Okay, so I blinked, and he was done. Like I said, he’s freaking amazing. We’ll be painting it to keep it safe and sound until siding happens.

Clearly we’ve stopped having a strict cabin completion schedule and are totally comfortable with things happening when they happen. With views like this, how can you blame us? Living in such a magical place, your outlook on life totally shifts. Originally it was rush, rush, hurry, hurry, get the cabin done. Now it’s hey, we’re never leaving here so it doesn’t matter how long it takes. Plus we have plenty to do in the gardens and orchard.

Usually it takes a couple/few days to do a post and I have now planted even more trees. Above is one of our two peaches.

This is a liberty apple that overlooks the chicken yard. Good eventual snacks and shade for the girls.

And this is one of the nectarines. It probably takes me infinitely longer than your average human to plant trees due to my need to add rocks and unearth bits of the surrounding moss so it pokes through. 

When we first moved here our sweet neighbor lady commented about all of the faery energy on our property and all the gnome energy on theirs. She was totally right but my first thought was “phew, she’s awesome and surely won’t think I’m crazy as she gets to know us!” I love them both so much (as I mention frequently).

It really is a fairyland indeed.

erection of the greenhouse (and more planting)

What a hugely productive weekend! We finally got the greenhouse frame started.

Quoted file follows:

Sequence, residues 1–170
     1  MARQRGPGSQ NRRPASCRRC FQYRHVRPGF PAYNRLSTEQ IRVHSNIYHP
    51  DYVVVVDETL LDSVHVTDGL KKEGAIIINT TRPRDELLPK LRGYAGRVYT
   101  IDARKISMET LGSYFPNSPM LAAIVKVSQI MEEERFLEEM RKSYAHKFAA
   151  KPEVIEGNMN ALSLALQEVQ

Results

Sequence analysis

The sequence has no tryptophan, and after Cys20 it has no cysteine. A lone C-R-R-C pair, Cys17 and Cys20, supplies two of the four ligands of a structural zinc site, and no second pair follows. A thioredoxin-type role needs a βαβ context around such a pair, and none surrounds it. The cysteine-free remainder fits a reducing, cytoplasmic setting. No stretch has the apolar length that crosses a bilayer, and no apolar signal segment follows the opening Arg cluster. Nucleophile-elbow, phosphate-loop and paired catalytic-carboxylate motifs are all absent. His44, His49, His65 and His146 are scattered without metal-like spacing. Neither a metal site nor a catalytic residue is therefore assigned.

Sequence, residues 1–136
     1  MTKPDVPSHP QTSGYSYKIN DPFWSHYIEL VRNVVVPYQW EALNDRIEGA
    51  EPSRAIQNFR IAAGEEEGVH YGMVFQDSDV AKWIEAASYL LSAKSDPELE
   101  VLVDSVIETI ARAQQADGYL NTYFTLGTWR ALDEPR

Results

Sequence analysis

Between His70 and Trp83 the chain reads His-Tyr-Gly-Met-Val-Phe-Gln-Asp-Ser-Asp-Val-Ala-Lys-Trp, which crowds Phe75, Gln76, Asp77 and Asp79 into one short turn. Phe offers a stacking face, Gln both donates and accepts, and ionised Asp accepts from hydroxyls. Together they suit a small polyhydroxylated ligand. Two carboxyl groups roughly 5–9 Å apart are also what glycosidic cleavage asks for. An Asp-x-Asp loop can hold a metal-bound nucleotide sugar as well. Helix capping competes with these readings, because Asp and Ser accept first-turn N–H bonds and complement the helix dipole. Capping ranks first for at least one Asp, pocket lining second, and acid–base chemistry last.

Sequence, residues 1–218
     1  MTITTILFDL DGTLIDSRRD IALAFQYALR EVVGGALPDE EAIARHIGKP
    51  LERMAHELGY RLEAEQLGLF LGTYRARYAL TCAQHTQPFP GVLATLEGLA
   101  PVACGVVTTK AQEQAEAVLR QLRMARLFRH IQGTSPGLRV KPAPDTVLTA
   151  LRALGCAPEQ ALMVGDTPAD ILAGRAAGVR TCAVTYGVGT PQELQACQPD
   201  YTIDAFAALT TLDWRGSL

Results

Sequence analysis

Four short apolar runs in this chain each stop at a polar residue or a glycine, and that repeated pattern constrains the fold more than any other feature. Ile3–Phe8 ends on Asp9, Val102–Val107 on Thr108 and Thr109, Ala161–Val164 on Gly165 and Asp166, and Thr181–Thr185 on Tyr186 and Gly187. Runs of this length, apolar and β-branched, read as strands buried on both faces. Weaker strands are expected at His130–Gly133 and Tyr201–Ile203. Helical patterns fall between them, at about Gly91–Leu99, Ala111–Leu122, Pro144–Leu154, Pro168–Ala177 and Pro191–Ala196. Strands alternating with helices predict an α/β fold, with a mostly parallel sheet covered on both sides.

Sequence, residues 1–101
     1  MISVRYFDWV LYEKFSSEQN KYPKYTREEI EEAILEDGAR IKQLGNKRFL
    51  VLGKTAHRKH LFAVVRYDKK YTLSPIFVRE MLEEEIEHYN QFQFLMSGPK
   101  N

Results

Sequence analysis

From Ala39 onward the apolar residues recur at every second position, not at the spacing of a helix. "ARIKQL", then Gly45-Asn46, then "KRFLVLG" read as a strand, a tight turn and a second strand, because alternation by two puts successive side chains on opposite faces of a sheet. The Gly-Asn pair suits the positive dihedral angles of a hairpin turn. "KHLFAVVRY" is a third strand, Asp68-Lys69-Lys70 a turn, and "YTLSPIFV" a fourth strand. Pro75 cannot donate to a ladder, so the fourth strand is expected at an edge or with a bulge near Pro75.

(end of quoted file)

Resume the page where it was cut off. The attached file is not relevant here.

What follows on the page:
Here all are of the pieces, organized and ready to go. Spot picked, and everything measured out. This area gets morning, afternoon and evening sun so it’s the perfect spot.

Let the erection begin. Hoops built and staked into the ground. This baby isn’t going anywhere! 

Side and top supports added. We’ll do the cross bars tomorrow, probably, but the cover doesn’t arrive until the 31st so we’ll have a few days at least before it’s fully done. And then we’ll still have doors to do but I’m not thinking about those until I have to.

Today was so sunny and warm it was work in t-shirt weather for me and shirtless working for the husb. Absolutely divine! It’s seriously like May in January here.

Several more trees got planted, as did the last of the rosemary. 

And then our amazing neighbor brough over even more trees because he had an overabundance. I freaking love him and his sweet and beautiful wife!! These are four Osage Orange trees (which will go along the driveway at our main entrance), a Bosc Pear, a Winecrisp Apple which I’m over the moon excited about, an Akane (one of the best early season apples in the US), a Winter Banana (another apple variety, very hardy and sweet), and a Puget Gold Apricot! I see many gluten-free pies and cobblers, preserves, and gallons of hard cider in our future. And quite possibly a side-of-the-road fruit stand for Finn to make some cash from.

Oh, and this Yuzu Ichandrin. It’s a citrus tree, prized in Japan for flavoring, juice and preserves. This variety bears abundant, easy-to-peel, 3″ diameter fruit with tasty, lemon-lime flavor. Yuzu is reportedly hardy to 0°F so grows quite well here we’re told. Even the leaves are tasty, fyi. The thorns on it are crazy beautiful! (I love thorny trees.)